So as always room for improvement but at least we have this technical doc of sorts available now.
In the process of writing this reply I’ve done a 3.9.2-51 to 3.9.2-52 “uses openSUSE Leap …” update via Web-UI System - Software Update. And then, there after, a flashing wifi / RSS icon update of everything else. So @def_monk with regard to:
You could try the other way around as neither is preferred but both are required to maintain a system. This way we cater for those wanting to upgrade their installs but not the Rockstor package (ie testing channel with a dodgy looking update that can wait for a better time) and those wanting to update just their rockstor package. This separation is really useful and helps with maintaining a system. N.B. in the our “Uses openSUSE” variants we have yet to implement the autoupdates feature, for this see the caveat in the last pull request concerning this part of the code:
This pull request does not cover unattended updates for the openSUSE variants, but a TODO was added to the relevant code to indicate this lack of feature parity. It is proposed that this can be addressed in a focused issue of it’s own.
There was not found to be an equivalent, yet, of pending update per package change logs. However a potential fix for this may be in upstream. For now we inform the user of this unavailability and a code TODO has been added linking to the upstream feature addition to zypper.
To touch again on the rockstor listing in the all but rockstor updates option, I like it, but it could do with a ‘special case’ text against it indicating it relates to System-Software Update mechanism. That would at least explain to users why it persists when all the other package get installed. It helped in my case of a broken rockstor package system so I say we leave it that way but add the suggested text on this entry. That I think should address all concerns hopefully and give us a backup indicator and keep the code simpler.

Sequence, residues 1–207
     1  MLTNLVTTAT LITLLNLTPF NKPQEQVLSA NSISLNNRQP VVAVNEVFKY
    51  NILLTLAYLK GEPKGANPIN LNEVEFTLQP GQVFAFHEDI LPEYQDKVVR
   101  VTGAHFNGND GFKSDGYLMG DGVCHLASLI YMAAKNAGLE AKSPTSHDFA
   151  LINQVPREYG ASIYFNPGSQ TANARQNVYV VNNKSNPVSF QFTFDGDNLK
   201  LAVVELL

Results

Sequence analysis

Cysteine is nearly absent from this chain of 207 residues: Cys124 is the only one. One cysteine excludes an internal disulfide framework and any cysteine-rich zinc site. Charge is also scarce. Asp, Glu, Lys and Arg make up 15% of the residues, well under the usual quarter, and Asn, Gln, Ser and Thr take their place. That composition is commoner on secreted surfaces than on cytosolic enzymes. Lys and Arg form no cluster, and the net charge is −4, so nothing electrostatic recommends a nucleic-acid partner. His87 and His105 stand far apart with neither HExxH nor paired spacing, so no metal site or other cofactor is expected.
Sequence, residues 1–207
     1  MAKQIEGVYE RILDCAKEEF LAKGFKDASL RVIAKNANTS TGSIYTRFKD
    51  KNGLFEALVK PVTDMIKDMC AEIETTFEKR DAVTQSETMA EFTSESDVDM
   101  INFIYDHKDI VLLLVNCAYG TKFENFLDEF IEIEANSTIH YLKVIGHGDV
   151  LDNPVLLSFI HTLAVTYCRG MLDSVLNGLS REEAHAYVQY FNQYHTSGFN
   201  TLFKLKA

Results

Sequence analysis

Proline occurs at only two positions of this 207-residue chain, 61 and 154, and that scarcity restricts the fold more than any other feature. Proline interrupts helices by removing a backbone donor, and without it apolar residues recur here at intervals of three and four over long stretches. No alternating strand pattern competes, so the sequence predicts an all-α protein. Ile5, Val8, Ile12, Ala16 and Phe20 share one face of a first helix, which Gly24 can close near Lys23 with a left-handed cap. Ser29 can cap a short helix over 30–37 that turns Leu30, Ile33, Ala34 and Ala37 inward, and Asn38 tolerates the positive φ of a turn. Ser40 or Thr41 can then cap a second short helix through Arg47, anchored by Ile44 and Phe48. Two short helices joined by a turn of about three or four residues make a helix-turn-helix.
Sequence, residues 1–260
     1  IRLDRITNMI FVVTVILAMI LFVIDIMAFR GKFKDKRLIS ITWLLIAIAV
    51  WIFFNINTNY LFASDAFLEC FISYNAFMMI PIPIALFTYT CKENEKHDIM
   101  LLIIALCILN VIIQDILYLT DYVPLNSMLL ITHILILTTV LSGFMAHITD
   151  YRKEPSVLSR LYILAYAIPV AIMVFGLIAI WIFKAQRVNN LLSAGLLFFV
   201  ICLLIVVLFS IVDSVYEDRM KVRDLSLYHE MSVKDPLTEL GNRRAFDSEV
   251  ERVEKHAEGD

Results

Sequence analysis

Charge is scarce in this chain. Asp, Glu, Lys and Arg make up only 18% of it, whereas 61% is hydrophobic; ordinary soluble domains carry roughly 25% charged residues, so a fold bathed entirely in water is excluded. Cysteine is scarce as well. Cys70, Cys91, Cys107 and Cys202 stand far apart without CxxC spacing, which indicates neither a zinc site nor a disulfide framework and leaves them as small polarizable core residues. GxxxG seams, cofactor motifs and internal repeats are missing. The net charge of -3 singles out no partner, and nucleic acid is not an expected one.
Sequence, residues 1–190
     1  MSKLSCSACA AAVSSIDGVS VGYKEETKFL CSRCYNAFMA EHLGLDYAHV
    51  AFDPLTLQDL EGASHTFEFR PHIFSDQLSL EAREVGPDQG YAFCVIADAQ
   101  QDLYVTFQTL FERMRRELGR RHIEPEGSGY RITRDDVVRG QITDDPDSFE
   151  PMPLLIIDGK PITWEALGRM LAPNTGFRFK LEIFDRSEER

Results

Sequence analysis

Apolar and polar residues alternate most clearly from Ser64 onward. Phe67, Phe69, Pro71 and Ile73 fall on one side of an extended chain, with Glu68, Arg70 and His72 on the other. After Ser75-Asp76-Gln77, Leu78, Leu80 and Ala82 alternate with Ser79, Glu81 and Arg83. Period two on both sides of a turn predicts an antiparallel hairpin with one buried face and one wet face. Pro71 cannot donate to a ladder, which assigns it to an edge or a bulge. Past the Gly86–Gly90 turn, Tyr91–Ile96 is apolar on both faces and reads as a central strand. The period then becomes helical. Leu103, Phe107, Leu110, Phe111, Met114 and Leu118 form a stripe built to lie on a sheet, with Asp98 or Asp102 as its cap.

Not that any changes to this code should be accompanied by unit tests as we really need this to work as good as we can get it as it supports the rest of our development for the less technical who are less inclined or able to drop to a terminal. This then makes our testing channel more accessible which, in time, can only be good. But for the time being it’s still pretty rough.
Hope that helps and apologies for not having already done a technical wiki on this part of the code, I find myself pulled in all sorts of directions, as I’m sure you both appreciate. But as stated this post is not far off such an entry now anyway, at least on the openSUSE side. For CentOS it’s esentially the same but uses Yum. Also note that we do still use some yum in our “Uses openSUSE” installs but it’s now dnf-yum, not the regular yum as that is now deprecated. And for a little while wasn’t even available in Tumbleweed.
I just finished updating mine in the other order (packages first, then rockstor). As described, after the packages finished, it actually still listed the rockstor package in the package menu, so it is working as expected. I went through the System -> Software Update afterward to update that, and had no issues.